Liberty Legacy Foundation Award

Recognizing the best book by a historian on the civil rights struggle from the beginnings of the nation to the present.



Inspired by OAH President Darlene Clark Hine’s call in her 2002 OAH presidential address for more research on the origins of the civil rights movement in the period before 1954, the Liberty Legacy Foundation Award is given annually by the Organization of American Historians to the author of the best book by a historian on the civil rights struggle from the beginnings of the nation to the present.


Each entry must be published during the period January 1, 2024, through December 31, 2024.

Submission Process

One copy of each entry, clearly labeled “2025 Liberty Legacy Foundation Award Entry,” must be mailed directly to the committee members listed below. Each committee member must receive all submissions postmarked by October 1, 2024.

Bound page proofs may be used for books to be published after October 1, 2024, and before January 1, 2025. If a bound page proof is submitted, a bound copy of the book must be received by each committee member and postmarked no later than January 7, 2025.

Please mail submissions to the committee members listed below:

Gordon Mantler, George Washington University, chair
Robyn Spencer-Antoin, Wayne State University
Carl Suddler, Emory University

Addresses to come.

Past Winners


Christina Greene, University of Wisconsin, Madison. Free Joan Little: The Politics of Race, Sexual Violence, and Imprisonment 


Mia Bay, University of Pennsylvania, Traveling Black: A Story of Race and Resistance (Belknap Press of Harvard University Press)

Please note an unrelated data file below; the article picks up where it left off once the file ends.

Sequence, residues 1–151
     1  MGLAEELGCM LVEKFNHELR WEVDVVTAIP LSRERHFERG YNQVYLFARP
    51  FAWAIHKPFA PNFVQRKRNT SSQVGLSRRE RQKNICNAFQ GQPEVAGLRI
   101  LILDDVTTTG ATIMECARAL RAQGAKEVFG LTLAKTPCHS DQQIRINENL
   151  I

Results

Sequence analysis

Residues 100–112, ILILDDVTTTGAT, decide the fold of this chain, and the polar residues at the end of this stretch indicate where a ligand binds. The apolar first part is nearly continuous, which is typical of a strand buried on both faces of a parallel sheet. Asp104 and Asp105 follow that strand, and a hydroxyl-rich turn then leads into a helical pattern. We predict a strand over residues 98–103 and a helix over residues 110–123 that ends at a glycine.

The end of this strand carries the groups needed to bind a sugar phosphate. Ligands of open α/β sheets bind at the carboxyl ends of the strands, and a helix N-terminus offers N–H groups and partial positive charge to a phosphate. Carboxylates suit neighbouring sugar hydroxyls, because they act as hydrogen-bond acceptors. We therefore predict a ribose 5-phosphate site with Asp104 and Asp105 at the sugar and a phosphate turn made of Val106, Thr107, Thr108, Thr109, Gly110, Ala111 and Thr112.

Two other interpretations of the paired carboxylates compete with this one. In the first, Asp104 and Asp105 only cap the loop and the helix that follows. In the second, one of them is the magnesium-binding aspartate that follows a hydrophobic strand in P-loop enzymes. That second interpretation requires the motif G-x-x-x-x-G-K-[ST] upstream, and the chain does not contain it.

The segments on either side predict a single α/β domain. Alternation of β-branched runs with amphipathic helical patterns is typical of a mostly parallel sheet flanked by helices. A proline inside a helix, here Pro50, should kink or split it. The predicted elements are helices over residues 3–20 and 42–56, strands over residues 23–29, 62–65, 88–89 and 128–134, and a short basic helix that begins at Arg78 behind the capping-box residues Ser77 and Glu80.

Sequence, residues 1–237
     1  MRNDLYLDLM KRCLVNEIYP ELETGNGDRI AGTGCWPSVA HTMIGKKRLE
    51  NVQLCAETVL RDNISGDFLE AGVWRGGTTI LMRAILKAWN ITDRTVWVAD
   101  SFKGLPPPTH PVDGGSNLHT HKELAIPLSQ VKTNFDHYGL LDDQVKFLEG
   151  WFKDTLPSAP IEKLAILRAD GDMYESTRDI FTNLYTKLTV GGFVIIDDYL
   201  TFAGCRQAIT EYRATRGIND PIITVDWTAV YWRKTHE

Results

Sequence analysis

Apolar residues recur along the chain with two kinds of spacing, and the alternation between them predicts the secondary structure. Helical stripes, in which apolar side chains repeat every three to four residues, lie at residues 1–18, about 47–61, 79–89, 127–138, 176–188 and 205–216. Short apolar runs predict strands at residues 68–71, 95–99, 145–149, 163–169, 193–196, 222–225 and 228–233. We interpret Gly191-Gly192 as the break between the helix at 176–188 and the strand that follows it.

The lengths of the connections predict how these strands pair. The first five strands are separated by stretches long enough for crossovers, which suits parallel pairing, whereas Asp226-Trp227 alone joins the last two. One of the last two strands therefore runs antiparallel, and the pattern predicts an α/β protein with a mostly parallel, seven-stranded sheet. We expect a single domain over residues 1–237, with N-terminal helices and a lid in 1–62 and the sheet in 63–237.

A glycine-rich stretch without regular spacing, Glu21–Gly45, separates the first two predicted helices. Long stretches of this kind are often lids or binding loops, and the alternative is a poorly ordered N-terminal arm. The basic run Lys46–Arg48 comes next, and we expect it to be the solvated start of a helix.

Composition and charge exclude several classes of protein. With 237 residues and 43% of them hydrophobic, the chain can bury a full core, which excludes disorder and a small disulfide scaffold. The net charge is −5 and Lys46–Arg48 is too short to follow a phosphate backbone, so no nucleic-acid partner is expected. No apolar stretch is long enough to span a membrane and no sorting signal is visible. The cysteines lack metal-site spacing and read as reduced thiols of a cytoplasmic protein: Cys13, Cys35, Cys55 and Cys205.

Johanna Fernández, Baruch College of the City University of New York, The Young Lords: A Radical History (The University of North Carolina Press)

Honorable Mention: Quito J. Swan, University of Massachusetts Boston, Pauulu’s Diaspora: Black Internationalism and Environmental Justice (University Press of Florida)


Keeanga-Yamahtta Taylor, Princeton University, Race for Profit: How Banks and the Real Estate Industry Undermined Black Home Ownership (The University of North Carolina Press)


Martha S. Jones, The Johns Hopkins University, Birthright Citizens: A History of Race and Rights in Antebellum America (Cambridge University Press)


Ula Yvette Taylor, University of California, Berkeley, The Promise of Patriarchy: Women and the Nation of Islam (University of North Carolina Press)


Russell Rickford, Cornell University, We Are an African People: Independent Education, Black Power, and the Radical Imagination(Oxford University Press)

Honorable Mention: Elizabeth Hinton, Harvard University, From the War on Poverty to the War on Crime: The Making of Mass Incarceration in America (Harvard University Press)


Tanisha C. Ford, University of Massachusetts, Amherst, Liberated Threads: Black Women, Style, and the Global Politics of Soul(University of North Carolina Press)


N. D. B. Connolly, Johns Hopkins University, A World More Concrete: Real Estate and the Remaking of Jim Crow South Florida (The University of Chicago Press)


Susan D. Carle, American University, Defining the Struggle: National Organizing for Racial Justice, 1880–1915 (Oxford University Press)